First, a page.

By: Fawad Piracha, PharmD Candidate c/o 2016
Rho Chi Society held its 90th annual meeting on Sunday, March 30, 2014 at the Hyatt Regency Orlando, paralleling the American Pharmacists Association (APhA) 2014 Annual Meeting and Exposition that took place the same weekend. In attendance were delegates and advisors of Rho Chi chapters from pharmacy schools spanning every region of the United States. The Beta Delta Chapter, St. John’s University’s chartered establishment, was represented by Dr. Zito, the faculty advisor of the chapter and the Auditing Committee chair of Rho Chi Society, along with the newly elected chapter executive board. In addition to national reports, an awards reception, and a formal election—all of which are common practices in Rho Chi annual meetings—a keynote address was given by a noteworthy affiliate of the Rho Chi Society community, Dr. William E. Evans.
Dr. Evans is an esteemed pharmacist and leader. He serves as the Director and Chief Executive Officer of St. Jude Children’s Research Hospital (SJCRH), and is the professor of pediatrics and pharmacy at the University of Tennessee Colleges of Medicine and Pharmacy. An author of many publications, he is a recipient of several notable accolades from entities that include the National Cancer Institute (NCI) and The Institute of Medicine of the National Academy of Sciences. Under his direction, SJCRH was ranked #1 children’s cancer hospital by Parent Magazine (2009) and US News and World Report (2010). Dr. Evans lecture was as rousing as it was memorable.
As Rho Chi Society values excellence in intellectual achievement, Dr. Evans discussed attributes and skill sets that are manifest in intellectual leaders, and opened his talk by explaining how intellectual achievement. According to Dr. Evans, leaders such as Kenneth Chenault and Jamie Dimon substantiate this principle. A heightened emotional or executional quotient (EQ) is discernable in leaders of this caliber. EQ is a measure of one’s general functionality and social skill sets; it is a broad concept. Dr. Evans defined EQ as “the desire to get things done.” While IQ had long been the social standard in measuring one’s potential success, Dr. Evans vied that EQ is more important than IQ in this regard. Dr. Evans continued his talk by discussing additional attributes of successful groups of people.
A superiority complex, insecurity, and impulse control are three traits of successful individuals, according to Dr. Evans. Such qualities lead to a balanced approach in the development of sound processes and the execution thereof. Dr. Evans simplified the complexity of leading the operations of a mammoth entity like SJCRH. He likened operating a billion dollar enterprise to operating a million dollar business but with “three extra zeroes.” In principle, according to Dr. Evans, the method is the same: to develop a strategy, to execute a strategy, and to measure progress.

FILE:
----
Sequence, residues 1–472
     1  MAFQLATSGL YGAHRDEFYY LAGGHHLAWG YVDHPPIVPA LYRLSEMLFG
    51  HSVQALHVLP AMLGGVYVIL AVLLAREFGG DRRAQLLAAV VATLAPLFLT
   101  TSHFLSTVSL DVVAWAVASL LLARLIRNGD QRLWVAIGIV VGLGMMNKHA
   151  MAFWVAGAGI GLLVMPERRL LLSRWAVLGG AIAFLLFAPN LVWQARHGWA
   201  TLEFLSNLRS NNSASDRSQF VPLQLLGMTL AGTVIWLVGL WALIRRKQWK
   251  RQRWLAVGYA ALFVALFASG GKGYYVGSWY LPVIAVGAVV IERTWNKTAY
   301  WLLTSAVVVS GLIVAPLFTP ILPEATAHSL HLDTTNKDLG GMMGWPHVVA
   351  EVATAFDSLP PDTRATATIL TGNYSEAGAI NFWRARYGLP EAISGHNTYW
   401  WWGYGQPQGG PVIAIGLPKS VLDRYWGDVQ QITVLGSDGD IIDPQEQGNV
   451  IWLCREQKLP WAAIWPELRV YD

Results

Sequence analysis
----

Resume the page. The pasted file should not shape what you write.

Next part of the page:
A great deal of time was spent highlighting the significance of having a sound team. As a CEO, Dr. Evans mentioned how he had the opportunity to surround himself with talented individuals. He stressed the importance of building a management team of “smart, committed people with complementary skills,” rather than hiring friends and the like. Furthermore, a team must have an invigorating culture, as “culture trumps strategy.” In other words, the true values and nature of the entity that is represented is far more important than any operational strategy, as this influences individuals and teams ubiquitously. Dr. Evans concluded his talk with practical advice and a brief summary and interpretation of the context of his findings.
Dr. Evans makes clear that one’s degree should not limit an individual from becoming a leader in any capacity; it should not define his or her leadership boundaries. Furthermore, he mentioned that one does not need an MD, an MBA, or an MHA designation to lead. Instead, what is needed is “a good amount of EQ and IQ, and the right amount of EQ and IQ.” He concluded his talk by stating that being a part of an institution that provides vast opportunities for those with different backgrounds is very important. For instance, the institution that Dr. Evans leads was accepting of a pharmacist being the CEO, unlike some others that would not be open to the idea.
Rho Chi Society is a growing entity. The vast attendance at the annual meeting and the approval to open several new chapters in different schools of pharmacy highlight the expansionary phase of the organization at present. Furthermore, projects, affiliations, and recognition by various entities have led to the growing prominence of Rho Chi Society. Dr. Evans’ lecture will indeed contribute to the intellectual and professional growth of members who were present at the meeting. And as a past executive board member of a Rho Chi Society chapter during pharmacy school, Dr. Evans raises hope in Rho Chi Society members and others who were impacted by his speech at the meeting.
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